From San Francisco, at the Experimental Biology 2006 meeting
Animals endure famine—some more successfully than others—by cannibalizing their own tissues. Rattlesnakes, among the champions, can survive more than 2 years between meals.
To understand how, evolutionary physiologist Marshall McCue of the University of Arkansas in Fayetteville starved 2-year-old rattlers for more than 5 months and measured changes in their bodies. To his surprise, he found that although the snakes continued to move about and even to grow, “they undergo an almost hibernation-like drop in metabolic rate.” In this state, the snakes consumed just 20 percent as much oxygen as when they were well fed, says McCue.
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After initially putting Western diamondbacks (Crotalus atrox) on a regular feeding regimen of one mouse every 2 weeks for 6 months, McCue suddenly gave them only water. He reports that the animals relied largely on stored fats to survive.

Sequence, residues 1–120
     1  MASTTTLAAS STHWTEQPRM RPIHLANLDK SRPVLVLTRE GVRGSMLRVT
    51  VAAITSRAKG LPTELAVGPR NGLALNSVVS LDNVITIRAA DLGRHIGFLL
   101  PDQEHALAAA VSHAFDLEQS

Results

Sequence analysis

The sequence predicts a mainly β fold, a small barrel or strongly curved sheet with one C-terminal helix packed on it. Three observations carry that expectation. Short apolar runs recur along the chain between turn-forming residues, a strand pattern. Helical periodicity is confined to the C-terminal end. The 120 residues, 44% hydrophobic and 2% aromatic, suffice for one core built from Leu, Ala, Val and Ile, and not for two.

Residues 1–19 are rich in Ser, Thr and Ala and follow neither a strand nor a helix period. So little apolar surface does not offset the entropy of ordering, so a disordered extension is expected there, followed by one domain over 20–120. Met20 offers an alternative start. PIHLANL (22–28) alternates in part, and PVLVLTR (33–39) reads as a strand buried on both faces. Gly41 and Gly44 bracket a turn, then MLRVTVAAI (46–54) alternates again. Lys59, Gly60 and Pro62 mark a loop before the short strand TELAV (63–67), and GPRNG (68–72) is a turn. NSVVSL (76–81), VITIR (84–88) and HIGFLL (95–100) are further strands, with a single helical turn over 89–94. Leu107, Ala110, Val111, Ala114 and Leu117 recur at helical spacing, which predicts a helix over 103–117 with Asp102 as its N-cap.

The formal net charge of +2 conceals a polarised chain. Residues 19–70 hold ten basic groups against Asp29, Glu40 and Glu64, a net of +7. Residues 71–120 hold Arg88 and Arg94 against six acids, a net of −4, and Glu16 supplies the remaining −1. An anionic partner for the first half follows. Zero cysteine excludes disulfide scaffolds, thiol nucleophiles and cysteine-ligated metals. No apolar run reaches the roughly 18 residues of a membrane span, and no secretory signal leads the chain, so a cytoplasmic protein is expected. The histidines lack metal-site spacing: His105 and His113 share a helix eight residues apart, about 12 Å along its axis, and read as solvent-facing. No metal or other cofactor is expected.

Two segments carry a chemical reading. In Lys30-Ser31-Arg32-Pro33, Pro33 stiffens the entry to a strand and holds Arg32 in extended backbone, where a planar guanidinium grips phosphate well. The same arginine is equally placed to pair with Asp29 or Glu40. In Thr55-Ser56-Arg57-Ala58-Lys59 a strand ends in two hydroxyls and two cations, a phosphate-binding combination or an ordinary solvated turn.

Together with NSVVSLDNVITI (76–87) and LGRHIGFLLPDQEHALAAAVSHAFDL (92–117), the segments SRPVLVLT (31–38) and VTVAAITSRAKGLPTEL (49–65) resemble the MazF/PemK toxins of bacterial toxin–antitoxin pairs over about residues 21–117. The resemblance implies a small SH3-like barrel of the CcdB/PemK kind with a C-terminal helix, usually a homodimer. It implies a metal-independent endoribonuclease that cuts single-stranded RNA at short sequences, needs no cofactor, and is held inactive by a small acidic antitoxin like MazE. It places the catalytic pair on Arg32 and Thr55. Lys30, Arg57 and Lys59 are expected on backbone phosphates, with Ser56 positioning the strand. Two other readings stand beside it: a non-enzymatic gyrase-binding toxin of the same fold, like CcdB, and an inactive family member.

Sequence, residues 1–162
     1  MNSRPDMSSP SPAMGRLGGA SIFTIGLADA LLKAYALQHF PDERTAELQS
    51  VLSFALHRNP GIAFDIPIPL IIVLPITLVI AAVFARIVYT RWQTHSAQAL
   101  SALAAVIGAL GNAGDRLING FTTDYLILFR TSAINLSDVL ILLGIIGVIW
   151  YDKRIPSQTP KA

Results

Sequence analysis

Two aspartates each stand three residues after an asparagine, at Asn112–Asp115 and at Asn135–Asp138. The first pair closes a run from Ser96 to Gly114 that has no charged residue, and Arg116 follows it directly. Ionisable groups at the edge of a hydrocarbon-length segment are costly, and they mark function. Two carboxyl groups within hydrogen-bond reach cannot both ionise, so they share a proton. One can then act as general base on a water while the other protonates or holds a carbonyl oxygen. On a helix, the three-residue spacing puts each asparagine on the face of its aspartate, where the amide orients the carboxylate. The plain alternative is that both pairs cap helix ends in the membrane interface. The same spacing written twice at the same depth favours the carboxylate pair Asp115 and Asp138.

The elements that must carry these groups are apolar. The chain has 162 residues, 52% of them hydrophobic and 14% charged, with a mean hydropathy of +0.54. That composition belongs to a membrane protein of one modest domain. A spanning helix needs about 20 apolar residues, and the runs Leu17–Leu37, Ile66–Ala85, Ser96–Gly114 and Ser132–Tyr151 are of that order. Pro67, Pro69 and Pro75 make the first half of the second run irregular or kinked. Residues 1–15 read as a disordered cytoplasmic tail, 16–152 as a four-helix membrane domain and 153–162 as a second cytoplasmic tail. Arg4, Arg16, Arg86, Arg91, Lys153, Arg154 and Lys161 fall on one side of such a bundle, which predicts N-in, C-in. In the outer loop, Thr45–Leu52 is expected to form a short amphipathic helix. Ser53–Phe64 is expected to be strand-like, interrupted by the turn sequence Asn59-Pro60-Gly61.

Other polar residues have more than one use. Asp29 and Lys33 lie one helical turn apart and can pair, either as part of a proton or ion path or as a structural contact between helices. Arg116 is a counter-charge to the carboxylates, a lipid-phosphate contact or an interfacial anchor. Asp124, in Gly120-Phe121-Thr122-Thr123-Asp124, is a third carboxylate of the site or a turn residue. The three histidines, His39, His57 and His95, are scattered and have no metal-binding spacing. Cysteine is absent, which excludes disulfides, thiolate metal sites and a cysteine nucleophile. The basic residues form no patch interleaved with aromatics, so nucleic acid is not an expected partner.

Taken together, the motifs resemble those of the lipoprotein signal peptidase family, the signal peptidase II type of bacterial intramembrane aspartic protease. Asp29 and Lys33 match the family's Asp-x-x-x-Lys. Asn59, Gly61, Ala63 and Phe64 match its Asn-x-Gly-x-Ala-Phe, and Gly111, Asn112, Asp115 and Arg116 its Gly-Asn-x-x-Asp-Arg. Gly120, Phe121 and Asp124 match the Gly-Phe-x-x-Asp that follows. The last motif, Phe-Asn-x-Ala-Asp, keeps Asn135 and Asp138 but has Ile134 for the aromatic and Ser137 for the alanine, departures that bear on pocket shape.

But the rattlers’ bodies didn’t treat all fats equally. The snakes preferentially burned medium-chain fatty acids, while conserving longer fatty acids. The snakes also appeared to derive some energy by desaturating—or removing hydrogen atoms from—their stored long-chain fatty acids. Rarely, McCue found, did the snakes break down muscle protein for energy as some other malnourished animals do.
Throughout the prolonged fast, the snakes slimmed down. “However, in the wild, we regularly see snakes much skinnier than these,” McCue says. Most amazing: Despite going months without food, the snakes’ bodies, excluding their rattles, actually lengthened by 2 to 3 centimeters. “This is significant,” McCue notes, because it reflects growth comparable “to what might be experienced with normal feeding.”